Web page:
There is recipe for what is widely considered as one of the best example of the classic French sauces: the vinaigrette. Its English translation says it all: French dressing. It is believed that it is a French migrant: le chevalier d’Albignac (1739-1825)* that introduced the way of dressing salads with a seasoned mixture of oil and vinegar to the London High society.

The vinaigrette is “the odd one” of the sauce world. In opposition to all emulsion sauces that are made of oil droplets dispersed in a continuous phase of water, the French dressing is the dispersion of water droplets in a continuous phase of oil.

There is not a recipe for the vinaigrette as such. It is just a basic proportion: a 1/4 vinegar or lemon juice to 3/4 of oil seasoned with a bit of salt and white pepper.
In a bowl, pour a tablespoon of good red wine vinegar and dissolve a pinch of table salt into it (salt does not dissolve in oil). Then, stir in 3 tablespoons of vegetable oil. Finally, season with some freshly ground white pepper.
Nowadays, the choice of vinegar and oils that can be used in a French dressing is quite wide. It is traditionally dictated by the type of salad leaves that are to be dressed.
*Chapter VII.
Toute Francaise, a ce que j’imagine,
Salt, bien ou mal faire, un peu de cuisine.
Belle Arsene, Act. III.
In a chapter written for the purpose, the advantages France derived from gourmandise in 1815, were fully explained. This was not less useful to emigres; all those, who had any alimentary resources, received much benefit from it.
When I passed through Boston, I taught a cook, named Julien, who in 1794 was in his glory, how to serve eggs with cheese. Julien was a skilful lad, and had, he said, been employed by the Archbishop of Bourdeaux. This was to the Americans a new dish, and Julien in return, sent me a beautiful deer he had received from Canada, which those I invited to do honour to it, thought admirable.
Captain Collet also, in 1794 and 1795 earned much money by the manufacture of ices and sherbets.
Women always take care to enjoy any pleasures which are new to them. None can form an idea of their surprise. They could not understand how it could remain so cold, when the thermometer was at 26 [degrees] Reaumur.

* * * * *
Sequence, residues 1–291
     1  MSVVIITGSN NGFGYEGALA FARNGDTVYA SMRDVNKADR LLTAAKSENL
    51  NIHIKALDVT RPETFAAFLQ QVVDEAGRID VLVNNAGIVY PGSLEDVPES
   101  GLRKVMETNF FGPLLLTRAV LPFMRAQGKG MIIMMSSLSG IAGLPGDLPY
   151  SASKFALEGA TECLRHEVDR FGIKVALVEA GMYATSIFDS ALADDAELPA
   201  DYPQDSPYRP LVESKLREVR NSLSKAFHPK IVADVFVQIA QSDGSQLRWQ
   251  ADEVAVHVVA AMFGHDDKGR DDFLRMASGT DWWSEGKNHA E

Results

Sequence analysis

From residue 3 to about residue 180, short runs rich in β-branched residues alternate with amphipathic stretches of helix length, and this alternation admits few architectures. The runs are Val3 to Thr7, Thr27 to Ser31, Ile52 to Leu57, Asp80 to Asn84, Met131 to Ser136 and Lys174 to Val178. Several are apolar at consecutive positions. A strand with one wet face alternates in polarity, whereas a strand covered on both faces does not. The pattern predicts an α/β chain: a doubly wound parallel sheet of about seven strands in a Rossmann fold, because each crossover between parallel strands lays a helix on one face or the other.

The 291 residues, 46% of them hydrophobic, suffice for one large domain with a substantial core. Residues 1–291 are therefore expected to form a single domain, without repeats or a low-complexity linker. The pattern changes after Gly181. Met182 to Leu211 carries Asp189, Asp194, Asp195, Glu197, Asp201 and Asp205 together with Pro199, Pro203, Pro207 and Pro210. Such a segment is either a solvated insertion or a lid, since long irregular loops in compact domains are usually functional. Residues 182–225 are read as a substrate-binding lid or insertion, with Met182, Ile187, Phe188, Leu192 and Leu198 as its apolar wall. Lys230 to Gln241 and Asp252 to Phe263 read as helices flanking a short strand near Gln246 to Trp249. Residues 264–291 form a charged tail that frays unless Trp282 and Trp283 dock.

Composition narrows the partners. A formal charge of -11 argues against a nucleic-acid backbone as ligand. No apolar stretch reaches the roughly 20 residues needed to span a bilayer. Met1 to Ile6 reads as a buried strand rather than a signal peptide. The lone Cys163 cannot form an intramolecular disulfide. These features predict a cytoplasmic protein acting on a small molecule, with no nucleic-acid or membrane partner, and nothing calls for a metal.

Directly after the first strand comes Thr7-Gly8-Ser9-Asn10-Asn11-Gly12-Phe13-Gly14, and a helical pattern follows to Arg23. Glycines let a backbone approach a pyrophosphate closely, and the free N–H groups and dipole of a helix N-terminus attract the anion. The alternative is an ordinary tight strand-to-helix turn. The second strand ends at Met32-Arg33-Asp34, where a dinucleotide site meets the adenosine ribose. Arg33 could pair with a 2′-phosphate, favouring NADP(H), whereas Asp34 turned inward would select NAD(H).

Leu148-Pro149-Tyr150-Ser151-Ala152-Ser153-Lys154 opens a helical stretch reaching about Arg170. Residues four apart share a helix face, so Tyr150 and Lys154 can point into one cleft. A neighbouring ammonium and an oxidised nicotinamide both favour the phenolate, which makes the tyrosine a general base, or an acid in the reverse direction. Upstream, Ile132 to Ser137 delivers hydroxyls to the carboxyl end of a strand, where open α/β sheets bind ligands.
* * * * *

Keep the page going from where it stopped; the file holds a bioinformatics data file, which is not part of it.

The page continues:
When I was at Cologne, I found a Breton nobleman, who thought himself very fortunate, as the keeper of a public house; and I might multiply these examples indefinitely. I prefer however to tell of a Frenchman, who became very rich at London, from the skill he displayed in making salad.
He was a Limousin, and if I am not mistaken, was named Aubignac, or Albignac.
Poor as he was, he went, however, one day to dine at one of the first restaurants of London. He could always make a good dinner on a single good dish.
While he was discussing a piece of roast beef, five or six dandies sat at the next table, and one of them advanced and said, “Sir, they say your people excel in the art of making a salad. Will you be kind enough to oblige us?”
After some hesitation d’Albignac consented, and having set seriously to work, did his best.
While he was making his mixture, he replied frankly to questions about his condition, and my friend owned, not without a little blushing, that he received the aid of the English government, a circumstance which doubtless induced one of the young men to slip a ten pound bank bill into his hand.
He gave them his address, and not long after, was much surprised to receive a letter inviting him to come to dress a salad at one of the best houses in Grosvenor square.
D’Albignac began to see that he might draw considerable benefit from it, and did not hesitate to accept the offer. He took with him various preparations which he fancied would make his salad perfect as possible.
He took more pains in this second effort, and succeeded better than he had at first. On this occasion so large a sum was handed to him that he could not with justice to himself refuse to accept it.
The young men he met first, had exaggerated the salad he had prepared for them, and the second entertainment was yet louder in its praise. He became famous as “the fashionable salad–maker,” and those who knew anything of satirical poetry remembered:
Desir do nonne est un feu pui devore,
Desir d’Anglaise est cent fois piri encore.
D’Albignac, like a man of sense, took advantage of the excitement, and soon obtained a carriage, that he might travel more rapidly from one part of the town to the other. He had in a mahogany case all the ingredients he required.
Subsequently he had similar cases prepared and filled, which he used to sell by the hundred.
Ultimately he made a fortune of 80,000 francs, which he took to France when times became more peaceful.
When he had returned to France, he did not hurry to Paris, but with laudable precaution, placed 60,000 francs in the funds, and with the rest purchased a little estate, on which, for aught I know, he now lives happily. His funded money paid him fifty per cent.
These facts were imparted to me by a friend, who had known D ‘Albignac in London, and who had met him after his return.

Extract of The Physiology of taste By Jean-Anthelme Brillat-Savarin

Suitable for vegan, vegetarian, coeliacs, pregnant women, lactose intolerant people and diabetics.

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